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Where Does The Term “Limelight” Originate?

Do you love being the center of attention or a bright, incandescent lamp?

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Photo: Ian Muttoo (flickr)

From incandescent lamps to simulating sunlight and moonlight to center of attention. The term limelight sure does mean a lot of different things!

If someone loves being in the limelight, that means they enjoy being the center of attention. We use the word now to mean social prominence, but have you ever wondered what limelight actually is, or how it came to be synonymous with fame?

Where Did The Word Come From?

Originally a limelight was a bright, incandescent lamp invented by the Englishman Thomas Drummond in 1816. At that time, the British government was trying to survey Ireland. To do this, surveyors used tall Irish mountains as reference points. Their problem was that the weather was often bad, making it impossible to see the mountain tops directly.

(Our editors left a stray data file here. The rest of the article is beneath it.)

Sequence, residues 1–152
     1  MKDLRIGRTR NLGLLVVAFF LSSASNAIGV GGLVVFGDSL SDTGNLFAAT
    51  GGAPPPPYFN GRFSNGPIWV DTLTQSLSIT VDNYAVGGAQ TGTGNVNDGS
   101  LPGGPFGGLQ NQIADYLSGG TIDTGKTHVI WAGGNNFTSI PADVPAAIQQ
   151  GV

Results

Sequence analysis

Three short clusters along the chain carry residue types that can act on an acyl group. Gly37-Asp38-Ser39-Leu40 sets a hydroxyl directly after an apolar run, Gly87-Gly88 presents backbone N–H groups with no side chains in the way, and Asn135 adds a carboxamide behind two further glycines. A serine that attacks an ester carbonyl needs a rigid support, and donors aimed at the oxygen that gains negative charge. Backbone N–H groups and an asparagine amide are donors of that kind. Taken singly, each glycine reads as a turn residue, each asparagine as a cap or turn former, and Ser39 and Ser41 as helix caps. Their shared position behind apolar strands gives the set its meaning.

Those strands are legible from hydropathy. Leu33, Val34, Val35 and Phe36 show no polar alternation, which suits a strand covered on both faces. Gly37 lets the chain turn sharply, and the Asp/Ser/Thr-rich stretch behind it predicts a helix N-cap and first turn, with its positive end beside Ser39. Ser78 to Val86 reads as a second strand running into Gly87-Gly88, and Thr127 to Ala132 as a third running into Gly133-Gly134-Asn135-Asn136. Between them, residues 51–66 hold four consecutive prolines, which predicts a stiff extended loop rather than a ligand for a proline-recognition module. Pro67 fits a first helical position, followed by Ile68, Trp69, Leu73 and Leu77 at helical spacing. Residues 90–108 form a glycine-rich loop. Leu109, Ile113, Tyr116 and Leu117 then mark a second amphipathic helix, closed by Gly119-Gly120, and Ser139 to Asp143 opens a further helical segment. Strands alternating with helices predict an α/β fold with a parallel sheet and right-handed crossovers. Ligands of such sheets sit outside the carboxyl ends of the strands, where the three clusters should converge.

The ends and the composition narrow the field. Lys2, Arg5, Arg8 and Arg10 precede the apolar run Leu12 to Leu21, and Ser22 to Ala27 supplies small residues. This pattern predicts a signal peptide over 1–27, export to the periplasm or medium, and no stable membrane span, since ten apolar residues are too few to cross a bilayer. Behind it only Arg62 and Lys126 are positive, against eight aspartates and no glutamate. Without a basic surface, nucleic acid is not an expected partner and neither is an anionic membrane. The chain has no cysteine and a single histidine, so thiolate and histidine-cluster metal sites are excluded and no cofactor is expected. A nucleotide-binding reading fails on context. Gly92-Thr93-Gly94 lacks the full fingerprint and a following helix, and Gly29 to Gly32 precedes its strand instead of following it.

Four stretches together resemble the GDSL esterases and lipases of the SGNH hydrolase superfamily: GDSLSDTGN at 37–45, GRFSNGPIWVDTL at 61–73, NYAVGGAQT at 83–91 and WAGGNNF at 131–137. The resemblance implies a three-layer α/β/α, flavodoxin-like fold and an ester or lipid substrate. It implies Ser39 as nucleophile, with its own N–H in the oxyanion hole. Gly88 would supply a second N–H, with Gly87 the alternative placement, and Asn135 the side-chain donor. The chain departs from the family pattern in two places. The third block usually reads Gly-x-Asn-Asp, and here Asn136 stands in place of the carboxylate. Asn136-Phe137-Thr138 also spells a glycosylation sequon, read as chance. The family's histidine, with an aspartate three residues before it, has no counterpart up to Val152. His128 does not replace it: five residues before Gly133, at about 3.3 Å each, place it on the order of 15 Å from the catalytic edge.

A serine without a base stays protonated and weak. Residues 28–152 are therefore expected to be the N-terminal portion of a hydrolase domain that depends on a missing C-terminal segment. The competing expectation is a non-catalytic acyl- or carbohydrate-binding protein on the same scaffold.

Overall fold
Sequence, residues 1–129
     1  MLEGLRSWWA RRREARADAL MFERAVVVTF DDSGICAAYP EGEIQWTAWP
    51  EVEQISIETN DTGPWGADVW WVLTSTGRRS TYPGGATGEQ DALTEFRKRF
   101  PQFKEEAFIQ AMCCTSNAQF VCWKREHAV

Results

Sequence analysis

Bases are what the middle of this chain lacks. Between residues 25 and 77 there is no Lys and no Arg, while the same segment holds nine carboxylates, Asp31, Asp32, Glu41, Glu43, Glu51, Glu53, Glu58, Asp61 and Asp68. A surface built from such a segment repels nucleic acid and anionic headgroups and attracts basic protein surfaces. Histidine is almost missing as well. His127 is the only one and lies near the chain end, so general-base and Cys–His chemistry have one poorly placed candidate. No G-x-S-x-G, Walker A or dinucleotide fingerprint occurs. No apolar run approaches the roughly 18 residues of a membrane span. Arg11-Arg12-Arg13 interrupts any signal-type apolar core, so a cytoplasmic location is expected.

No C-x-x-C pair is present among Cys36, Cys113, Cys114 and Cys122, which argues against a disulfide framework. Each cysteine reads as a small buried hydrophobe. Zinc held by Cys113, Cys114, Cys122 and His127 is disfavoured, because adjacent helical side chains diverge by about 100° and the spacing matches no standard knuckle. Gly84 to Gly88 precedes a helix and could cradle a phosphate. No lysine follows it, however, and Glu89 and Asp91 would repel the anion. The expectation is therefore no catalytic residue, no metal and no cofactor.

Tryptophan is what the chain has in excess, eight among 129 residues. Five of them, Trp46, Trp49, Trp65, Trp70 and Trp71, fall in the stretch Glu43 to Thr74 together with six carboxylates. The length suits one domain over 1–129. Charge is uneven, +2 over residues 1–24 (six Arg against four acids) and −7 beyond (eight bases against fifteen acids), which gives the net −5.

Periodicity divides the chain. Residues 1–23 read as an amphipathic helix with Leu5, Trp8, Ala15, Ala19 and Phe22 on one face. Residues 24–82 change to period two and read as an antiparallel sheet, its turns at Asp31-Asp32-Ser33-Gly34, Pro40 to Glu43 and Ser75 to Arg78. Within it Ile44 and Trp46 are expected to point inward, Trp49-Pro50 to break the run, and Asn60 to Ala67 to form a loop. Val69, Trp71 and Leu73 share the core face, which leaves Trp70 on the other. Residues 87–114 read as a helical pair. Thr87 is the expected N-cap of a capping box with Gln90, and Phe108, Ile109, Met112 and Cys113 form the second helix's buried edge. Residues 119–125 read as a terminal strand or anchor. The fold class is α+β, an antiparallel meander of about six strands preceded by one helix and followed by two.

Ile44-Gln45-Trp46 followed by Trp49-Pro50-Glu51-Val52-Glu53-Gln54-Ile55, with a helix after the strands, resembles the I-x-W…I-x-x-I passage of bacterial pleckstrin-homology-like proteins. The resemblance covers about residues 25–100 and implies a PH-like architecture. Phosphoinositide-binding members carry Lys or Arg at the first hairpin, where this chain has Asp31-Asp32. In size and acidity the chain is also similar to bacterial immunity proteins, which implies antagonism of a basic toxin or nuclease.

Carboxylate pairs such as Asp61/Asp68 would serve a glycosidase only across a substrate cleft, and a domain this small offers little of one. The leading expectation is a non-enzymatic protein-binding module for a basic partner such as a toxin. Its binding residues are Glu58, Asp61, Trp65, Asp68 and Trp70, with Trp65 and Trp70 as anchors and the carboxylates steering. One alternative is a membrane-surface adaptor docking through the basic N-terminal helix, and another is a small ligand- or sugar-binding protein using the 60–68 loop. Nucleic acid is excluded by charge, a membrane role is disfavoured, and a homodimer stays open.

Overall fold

However, when Drummond lit his newly invented limelights on the tops of these mountains, surveyors could see them from over fifty miles away.

Burned Limestone

The “lime” in limelight refers to burned limestone, not the fruit. Burned limestone gives off great quantities of brilliant, white light when heated. To make a limelight, a small piece of lime is heated by burning a mixture of oxygen and hydrogen gasses. The white light from the glowing lime is then focused with a lens or a mirror.

Theaters And Limelight

Although it started its life as a surveying tool, it was its use in theater that made limelight famous. At that time, theaters were commonly lit by dangerous gas lights.

These were jets of burning gas, like the flame on a gas stove. Gas lights were dim, so it often took hundreds of them to light a scene on the stage, causing a great fire risk.

Limelight is much brighter than gas light, and its pure whiteness made it ideal for simulating sunlight and moonlight.

Front And Center

Its widespread use in nineteenth century theater is where the associations with fame came from. To be in the limelight was to be front and center, on the brightest part of the stage.

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